isgivenbytheratioofedgescoveredbyapairofdisjointmatchingstothenumber ofverticesinagraph.ThisnotionwasexploredbyMkrtchyan,Petrosyan,and Vardanyan,andtheyshowedthefollowing. Theorem3.3 [69] Let G beacubicgraph.Then G containsapairofdisjointmatchingscoveringatleast 4 5 j V G j edgesin G Theproblemofdeterminingwhenagraphhas k edge-disjointperfectmatchings forsome k 2hasalsobeenstudiedinseveralcontexts.Hilton[46]andZhangand Zhu[91]examinedthenumberofdisjoint1-factorsinregulargraphs,andrecently Hou[49]consideredtheproblemfornearly-regulargraphsthosegraphswith G )]TJ/F19 11.9552 Tf -422.702 -23.981 Td [( G 1.HomanandRodger[47]givenecessaryandsucientconditionsfora completemultipartitegraphtocontain k edge-disjoint1-factors. Inthischapter,wearegenerallyinterestedininvestigatingProblem3.1inthe contextofforbiddensubgraphs.InSection3.2weexaminethestabilityof odd G undertheRyjacekclosureforclaw-freegraphs.InSection3.3wespecicallyconsider thecase k =0andexaminepairsofforbiddensubgraphsthatensureagraphhasa pairofdisjoint1-factors.Wethenpresentseveralconstructionsandopenproblems relatedtoProblem3.1inhighlyconnectedclaw-freegraphs. 3.2Closureand odd G forClaw-FreeGraphs In[73]Ryjacekintroducedthefollowingclosureconcept.Inagraph G ,avertex v is eligible if G [ N v ]isconnectedbutnotcomplete.Thegraphformedbycompleting theneighborhoodofavertex v isthe localcompletion of G at v .Theclosureofa graph G ,denoted cl G ,isconstructedbyiterativelyperformingthelocalcompletion operationateligibleverticesuntilnoneremain. ThisclosureisanimportanttoolforthestudyofcyclestructureandhamiltoniantypepropertiesinlargepartduetothefollowingresultfromRyjacek. Theorem3.4 [73] Let G beaclaw-freegraph.Then 25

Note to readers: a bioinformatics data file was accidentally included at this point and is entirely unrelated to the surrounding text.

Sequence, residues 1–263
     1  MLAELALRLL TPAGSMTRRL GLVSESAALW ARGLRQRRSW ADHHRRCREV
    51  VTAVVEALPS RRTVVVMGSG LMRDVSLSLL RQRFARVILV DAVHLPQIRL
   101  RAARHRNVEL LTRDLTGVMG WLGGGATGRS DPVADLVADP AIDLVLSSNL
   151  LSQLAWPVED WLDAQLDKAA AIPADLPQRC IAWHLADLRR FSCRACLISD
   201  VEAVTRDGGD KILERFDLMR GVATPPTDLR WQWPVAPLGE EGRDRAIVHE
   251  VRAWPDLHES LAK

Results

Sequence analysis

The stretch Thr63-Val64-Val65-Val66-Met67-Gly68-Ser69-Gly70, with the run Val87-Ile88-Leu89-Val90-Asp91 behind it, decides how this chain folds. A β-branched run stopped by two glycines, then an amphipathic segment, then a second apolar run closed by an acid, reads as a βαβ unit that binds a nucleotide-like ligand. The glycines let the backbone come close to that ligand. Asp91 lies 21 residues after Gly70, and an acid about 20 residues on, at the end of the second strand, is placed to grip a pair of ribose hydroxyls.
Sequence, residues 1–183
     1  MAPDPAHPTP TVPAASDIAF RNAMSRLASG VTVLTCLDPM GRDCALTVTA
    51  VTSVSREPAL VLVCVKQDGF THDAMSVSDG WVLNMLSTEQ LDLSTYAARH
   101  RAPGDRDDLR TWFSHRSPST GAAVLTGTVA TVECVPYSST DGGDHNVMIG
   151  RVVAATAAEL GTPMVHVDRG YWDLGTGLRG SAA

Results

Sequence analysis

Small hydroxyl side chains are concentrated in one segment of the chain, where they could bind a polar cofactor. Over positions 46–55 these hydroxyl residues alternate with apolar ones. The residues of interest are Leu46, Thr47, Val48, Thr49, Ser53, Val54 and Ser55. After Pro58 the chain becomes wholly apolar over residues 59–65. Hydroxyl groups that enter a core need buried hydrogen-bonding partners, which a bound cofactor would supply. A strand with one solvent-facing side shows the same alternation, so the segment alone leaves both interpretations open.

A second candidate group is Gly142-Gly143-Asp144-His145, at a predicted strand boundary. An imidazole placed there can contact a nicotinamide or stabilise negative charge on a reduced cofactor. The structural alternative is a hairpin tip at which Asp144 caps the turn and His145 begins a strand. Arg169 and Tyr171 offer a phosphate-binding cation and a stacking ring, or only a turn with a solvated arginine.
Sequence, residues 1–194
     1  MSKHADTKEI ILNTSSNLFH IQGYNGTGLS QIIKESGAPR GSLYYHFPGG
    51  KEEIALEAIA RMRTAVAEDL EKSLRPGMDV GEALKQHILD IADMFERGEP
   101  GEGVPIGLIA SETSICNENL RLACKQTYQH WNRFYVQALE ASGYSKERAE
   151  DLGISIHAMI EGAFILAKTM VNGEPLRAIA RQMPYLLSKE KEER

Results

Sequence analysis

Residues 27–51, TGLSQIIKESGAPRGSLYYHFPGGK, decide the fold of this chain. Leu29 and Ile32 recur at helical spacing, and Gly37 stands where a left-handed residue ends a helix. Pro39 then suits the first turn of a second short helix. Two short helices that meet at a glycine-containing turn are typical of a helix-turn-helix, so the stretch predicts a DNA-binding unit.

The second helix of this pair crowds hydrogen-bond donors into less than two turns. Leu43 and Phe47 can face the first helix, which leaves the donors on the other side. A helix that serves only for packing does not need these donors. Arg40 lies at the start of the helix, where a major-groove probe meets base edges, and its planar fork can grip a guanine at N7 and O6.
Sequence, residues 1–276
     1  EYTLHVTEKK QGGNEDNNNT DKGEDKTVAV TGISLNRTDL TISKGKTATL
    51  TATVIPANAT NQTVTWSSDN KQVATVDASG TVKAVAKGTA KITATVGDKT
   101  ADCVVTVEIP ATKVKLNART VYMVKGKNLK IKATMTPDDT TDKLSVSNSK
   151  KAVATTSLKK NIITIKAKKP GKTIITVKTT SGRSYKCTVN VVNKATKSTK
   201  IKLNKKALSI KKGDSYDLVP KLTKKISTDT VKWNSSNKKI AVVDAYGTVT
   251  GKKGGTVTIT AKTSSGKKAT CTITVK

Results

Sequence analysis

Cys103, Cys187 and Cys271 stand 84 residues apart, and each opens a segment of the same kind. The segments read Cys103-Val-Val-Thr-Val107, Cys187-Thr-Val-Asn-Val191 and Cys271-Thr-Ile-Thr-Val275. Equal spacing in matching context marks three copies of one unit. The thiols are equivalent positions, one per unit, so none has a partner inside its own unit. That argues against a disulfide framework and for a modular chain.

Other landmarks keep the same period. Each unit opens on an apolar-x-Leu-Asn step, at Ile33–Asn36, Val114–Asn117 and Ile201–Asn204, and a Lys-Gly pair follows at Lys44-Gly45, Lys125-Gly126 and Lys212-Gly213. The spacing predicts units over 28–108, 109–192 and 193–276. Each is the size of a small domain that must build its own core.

PAGE 36

1.theclosure cl G iswell-dened, 2.thereisatriangle-freegraph H such cl G = L H ,where L H istheline graphof H 3. c G = c cl G Givenagraphclass C ,wesaythataproperty P is stable in C providedthatevery graph G in C hasproperty P ifandonlyif cl G hasproperty P .Thus,Theorem3.4 impliesthathamiltonicityandmoregenerallytheproperty c G = k "isstablein theclassofclaw-freegraphs. Ofparticularinteresthere,Ryjacek,Saito,andSchelpshowedthefollowing. Theorem3.5 [74] If G isaclaw-freegraph,then G hasa 2 -factorwithatmost k cyclesifandonlyif cl G hasa 2 -factorwithatmost k cycles. ThemainresultofthissectionisthefollowingextensionofTheorem3.5. Theorem3.6 [18] If G isaclaw-freegraph,then odd G k ifandonlyif odd cl G k: Proof: Clearly,if odd G k ,then odd cl G k ,soweproceedbydemonstratingtheconverse.Let G beaclaw-freegraphandlet G = G 0 ;G 1 ;:::;G t = cl G beasequenceofgraphssuchthat G i isthegraphformedbylocalcompletionof G i )]TJ/F17 7.9701 Tf 6.587 0 Td [(1 atvertex v i .Supposetothecontrarythat odd G t k but odd G >k ,andlet i 1 betheminimumintegersuchthat G i hasa2-factor C withatmost k oddcyclesand denote v i as v Let E i C = E C E G i n E G i )]TJ/F17 7.9701 Tf 6.586 0 Td [(1 ,sothat E i C isthesetofedgesofthe2-factor C in G i whicharenotin G i )]TJ/F17 7.9701 Tf 6.587 0 Td [(1 ,andobservethattheendpointsoftheseedgesareallin theneighborhoodof v .Choose C tominimize j E i C j andfurthermore,amongallsuch choicesof C selectanedge e 2 E i C suchthat dist C e;v ismaximum.Foreachcyclein 26

PAGE 37